Often, waste disposal in deployment settings involves the use of burn pits. “They’re used to burn massive amounts of waste in an open-air fashion without an incinerator,” explained Dr. Bingham. “Usually, jet fuel is used as the ignition source for burn pits. Sometimes they’ll be referred to as garbage fires as well. There is just a myriad of items that will go into these burn pits. You name it; it’s probably been put into a burn pit. As a result, we are learning now that there are multiple potential toxins and carcinogens that are released as part of these burn pits, which are being associated with an increased risk of cancer.”
Dr. Bingham recommends that if a dermatologist has concerns about a veteran patient’s skin cancer and whether it might be related to military service, they should refer to the VA for an assessment to determine if the condition is service connected. “This is an ever-changing point of concern for the Veterans Administration,” he said. “Whether it be Agent Orange exposure or burn pits, the VA is constantly reassessing scientific data as to whether or not it could be related to service.”
Despite some practical limitations, military members do have some options for mitigating their UV exposure. “When you’re in a deployed setting the issued uniforms generally do a good job at giving UV protection, provided that they’re being worn in the correct fashion with the sleeves down,” said Dr. Bingham. “There are also what are called boonie covers, which are a type of a wide-brimmed hat. Provided that their command allows it, members can wear that boonie style to offer some sun protection.”
Dr. Miller also recommends regular screening for active-duty military members and veterans. “Ideally, one should be surveilled at least once a year, but if they have a history of anything precancerous or cancerous, that should be moved up,” he said. “I think the biggest thing in terms of mitigation is making individuals aware of their risk. Only 30% of veterans self-report that they have sought a screening, so word needs to get out that they have an increased risk of skin cancer. The data compel people to get screened initially and then on a regular basis. I think it’s important for us to encourage our military veterans to be screened by a physician, especially a board-certified dermatologist, because the sooner we can detect a malignancy, the easier it is to treat, and the better the overall outcome.”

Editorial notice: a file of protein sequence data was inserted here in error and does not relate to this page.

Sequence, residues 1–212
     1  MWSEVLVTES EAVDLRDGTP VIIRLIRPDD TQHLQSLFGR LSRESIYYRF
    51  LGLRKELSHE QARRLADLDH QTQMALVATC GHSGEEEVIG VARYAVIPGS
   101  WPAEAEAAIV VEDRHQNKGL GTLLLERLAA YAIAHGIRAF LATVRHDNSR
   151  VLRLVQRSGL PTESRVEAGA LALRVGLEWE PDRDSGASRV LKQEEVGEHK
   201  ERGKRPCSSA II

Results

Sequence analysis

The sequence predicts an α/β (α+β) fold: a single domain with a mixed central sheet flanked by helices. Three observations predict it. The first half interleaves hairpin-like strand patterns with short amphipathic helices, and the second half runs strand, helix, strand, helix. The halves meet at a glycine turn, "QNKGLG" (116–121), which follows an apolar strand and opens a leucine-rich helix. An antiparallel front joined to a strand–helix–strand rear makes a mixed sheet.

Pilots and flight crew members
Data have also suggested that prolonged time spent among the clouds may carry unique risks regarding skin cancer. In a 2018 study, flight attendants were found to have higher incidences of cancer than members of the general population, including melanoma and non-melanoma skin cancer. The study also found that among female flight attendants in particular, elevated incidence of breast and skin cancer was especially pronounced.
Among pilots, a JAMA meta-analysis found that pilots have approximately twice the incidence of melanoma compared with the general population (doi:10.1001/jamadermatol.2014.1077). According to Dallas dermatologist Jerald Sklar, MD, FAAD, these findings reflect what he has observed in his own practice. “I live in the Dallas-Fort Worth Metroplex which is the headquarters for both Southwest and American Airlines, and over my 30-plus years as a dermatologist, I’ve treated quite a few pilots. I definitely see them as a high-risk group compared to my regular patient population.”